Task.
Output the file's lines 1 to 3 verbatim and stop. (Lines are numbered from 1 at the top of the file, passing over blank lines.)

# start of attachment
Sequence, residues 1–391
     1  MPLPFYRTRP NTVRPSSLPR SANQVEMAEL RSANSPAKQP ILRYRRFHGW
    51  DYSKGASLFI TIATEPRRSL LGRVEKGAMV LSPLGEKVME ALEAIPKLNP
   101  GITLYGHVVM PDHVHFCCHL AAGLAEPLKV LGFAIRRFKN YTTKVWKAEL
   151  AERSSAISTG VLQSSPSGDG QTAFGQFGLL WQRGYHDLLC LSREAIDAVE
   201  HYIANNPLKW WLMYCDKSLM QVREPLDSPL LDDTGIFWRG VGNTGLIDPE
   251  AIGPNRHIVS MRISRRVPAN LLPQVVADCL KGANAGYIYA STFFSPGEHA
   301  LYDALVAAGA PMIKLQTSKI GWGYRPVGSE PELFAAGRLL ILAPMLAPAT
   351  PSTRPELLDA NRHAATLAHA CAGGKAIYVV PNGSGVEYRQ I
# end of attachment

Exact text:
Sequence, residues 1–391
     1  MPLPFYRTRP NTVRPSSLPR SANQVEMAEL RSANSPAKQP ILRYRRFHGW
    51  DYSKGASLFI TIATEPRRSL LGRVEKGAMV LSPLGEKVME ALEAIPKLNP